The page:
As well as relatively low and absolutely low income, there is another category that has been discussed today, and that is destitution. It is defined by the Joseph Rowntree Foundation as when people have been unable to afford two or more of the following essentials, in the past month: shelter, food, heating, lighting, clothing and footwear, basic toiletries or a net income after housing of less than £95 a week.

We have heard plenty of horror stories about the number of working poor and children in poverty. The only good-news story is that the least likely demographic to be in poverty is now pensioners, who were once the most likely. That just goes to show what government policy can achieve, given the will.

Sadly, the divide between the haves and the have-nots is getting wider, not narrower. We are in a vicious downward spiral. To transform it to a virtuous upward spiral, we need investment in the most important assets for any Government to have—their human resources. We have heard plenty of excellent suggestions in this debate, as well as stark reminders of the consequences of not implementing them.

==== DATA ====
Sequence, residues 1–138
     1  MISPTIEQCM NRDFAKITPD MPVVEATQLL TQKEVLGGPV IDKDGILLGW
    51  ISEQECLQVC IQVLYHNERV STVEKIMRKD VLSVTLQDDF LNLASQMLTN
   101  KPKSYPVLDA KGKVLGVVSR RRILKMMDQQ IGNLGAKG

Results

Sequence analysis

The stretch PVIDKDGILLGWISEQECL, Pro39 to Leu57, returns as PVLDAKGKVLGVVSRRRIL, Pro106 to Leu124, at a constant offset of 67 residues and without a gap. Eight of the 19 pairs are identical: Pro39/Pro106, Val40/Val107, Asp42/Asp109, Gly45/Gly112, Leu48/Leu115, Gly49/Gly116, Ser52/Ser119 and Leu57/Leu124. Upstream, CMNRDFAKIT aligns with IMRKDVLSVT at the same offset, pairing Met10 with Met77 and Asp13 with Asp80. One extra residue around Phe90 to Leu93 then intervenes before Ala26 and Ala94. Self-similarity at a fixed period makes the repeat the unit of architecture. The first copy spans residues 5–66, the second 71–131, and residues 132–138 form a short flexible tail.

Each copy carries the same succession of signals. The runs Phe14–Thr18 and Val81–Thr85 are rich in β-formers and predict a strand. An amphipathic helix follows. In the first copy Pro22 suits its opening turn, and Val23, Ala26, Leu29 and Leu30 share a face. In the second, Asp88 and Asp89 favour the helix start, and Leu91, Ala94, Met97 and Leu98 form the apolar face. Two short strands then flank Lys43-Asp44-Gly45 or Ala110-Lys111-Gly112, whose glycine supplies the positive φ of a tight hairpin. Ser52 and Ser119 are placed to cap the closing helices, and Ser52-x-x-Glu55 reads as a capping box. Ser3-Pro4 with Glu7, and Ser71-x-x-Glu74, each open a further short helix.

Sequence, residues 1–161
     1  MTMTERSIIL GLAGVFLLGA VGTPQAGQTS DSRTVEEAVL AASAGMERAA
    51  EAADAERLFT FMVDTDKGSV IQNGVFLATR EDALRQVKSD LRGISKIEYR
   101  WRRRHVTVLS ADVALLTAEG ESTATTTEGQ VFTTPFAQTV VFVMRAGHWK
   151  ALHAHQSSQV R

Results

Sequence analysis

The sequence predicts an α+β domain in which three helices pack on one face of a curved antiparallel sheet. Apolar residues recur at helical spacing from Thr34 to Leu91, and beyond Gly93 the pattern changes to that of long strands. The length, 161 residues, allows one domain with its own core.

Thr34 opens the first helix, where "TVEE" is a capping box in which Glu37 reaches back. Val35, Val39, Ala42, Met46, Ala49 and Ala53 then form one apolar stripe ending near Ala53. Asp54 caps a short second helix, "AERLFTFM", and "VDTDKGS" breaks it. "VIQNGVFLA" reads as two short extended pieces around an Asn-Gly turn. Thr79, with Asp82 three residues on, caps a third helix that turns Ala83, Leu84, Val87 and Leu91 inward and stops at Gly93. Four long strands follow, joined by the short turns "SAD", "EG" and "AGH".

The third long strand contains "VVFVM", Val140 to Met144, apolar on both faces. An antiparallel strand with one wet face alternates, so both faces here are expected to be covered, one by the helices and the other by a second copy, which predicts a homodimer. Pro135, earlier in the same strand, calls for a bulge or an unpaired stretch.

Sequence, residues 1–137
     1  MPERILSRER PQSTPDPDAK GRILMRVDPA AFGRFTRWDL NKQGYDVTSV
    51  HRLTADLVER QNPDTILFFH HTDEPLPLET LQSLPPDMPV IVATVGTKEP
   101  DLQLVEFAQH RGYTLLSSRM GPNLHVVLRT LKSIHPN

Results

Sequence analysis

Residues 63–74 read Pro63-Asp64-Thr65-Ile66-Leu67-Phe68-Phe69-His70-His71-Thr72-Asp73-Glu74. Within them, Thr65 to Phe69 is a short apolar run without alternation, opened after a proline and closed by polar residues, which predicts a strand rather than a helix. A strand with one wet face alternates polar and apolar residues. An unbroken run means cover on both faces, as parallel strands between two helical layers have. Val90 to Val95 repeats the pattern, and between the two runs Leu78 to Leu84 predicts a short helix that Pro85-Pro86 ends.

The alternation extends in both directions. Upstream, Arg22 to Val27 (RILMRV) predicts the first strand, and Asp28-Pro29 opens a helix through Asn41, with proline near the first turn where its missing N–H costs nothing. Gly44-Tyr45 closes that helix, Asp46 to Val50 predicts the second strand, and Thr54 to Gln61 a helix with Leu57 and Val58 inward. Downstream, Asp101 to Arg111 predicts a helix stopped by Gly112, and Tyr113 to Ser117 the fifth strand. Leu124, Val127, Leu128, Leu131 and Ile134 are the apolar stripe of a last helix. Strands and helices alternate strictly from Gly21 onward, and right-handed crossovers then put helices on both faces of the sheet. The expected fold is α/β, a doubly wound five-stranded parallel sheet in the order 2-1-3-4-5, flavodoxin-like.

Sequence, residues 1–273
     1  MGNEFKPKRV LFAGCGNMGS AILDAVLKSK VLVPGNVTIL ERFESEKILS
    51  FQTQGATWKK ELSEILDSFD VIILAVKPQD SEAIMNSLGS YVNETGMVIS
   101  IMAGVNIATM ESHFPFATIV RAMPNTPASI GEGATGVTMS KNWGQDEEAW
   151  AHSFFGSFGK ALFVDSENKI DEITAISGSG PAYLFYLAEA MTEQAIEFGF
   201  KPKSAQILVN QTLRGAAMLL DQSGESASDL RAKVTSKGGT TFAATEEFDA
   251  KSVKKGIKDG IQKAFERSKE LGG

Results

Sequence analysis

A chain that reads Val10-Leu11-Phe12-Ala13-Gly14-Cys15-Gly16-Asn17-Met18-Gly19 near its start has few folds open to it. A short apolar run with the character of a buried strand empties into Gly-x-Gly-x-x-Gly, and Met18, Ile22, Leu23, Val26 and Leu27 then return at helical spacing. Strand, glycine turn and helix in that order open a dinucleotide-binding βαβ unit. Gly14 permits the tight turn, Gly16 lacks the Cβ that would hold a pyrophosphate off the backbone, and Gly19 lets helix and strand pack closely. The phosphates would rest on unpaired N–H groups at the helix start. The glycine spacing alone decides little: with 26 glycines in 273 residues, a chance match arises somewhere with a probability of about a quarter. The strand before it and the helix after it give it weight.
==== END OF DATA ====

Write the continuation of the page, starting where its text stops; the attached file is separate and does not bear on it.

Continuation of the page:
The Joseph Rowntree Foundation suggests five key ways that the UK could tackle poverty. These are: to boost incomes and reduce costs by ending the poverty premium; to reboot universal credit to ensure that work pays and provide a stronger safety net for those people who are just about managing but are tipped over into poverty by events as simple as a broken boiler; to improve educational attainment and double investment in basic skills to ensure that 5 million more adults are literate and have basic maths skills; to overhaul the childcare system, giving children a better start in life and making work pay for their parents; to back employers and, following the speech of the noble Baroness, Lady Lane-Fox, focus on investment in the long term and not the short term.

There is also the issue of decent and affordable housing, and I would focus on health as well. My noble friend did so with great explanation, as did the noble Lord, Lord Desai. If you are sitting on a 7.5 million-long patient waiting list for treatment, how can you focus on anything else? The downward spiral in our nation will not stop until we do these kinds of things.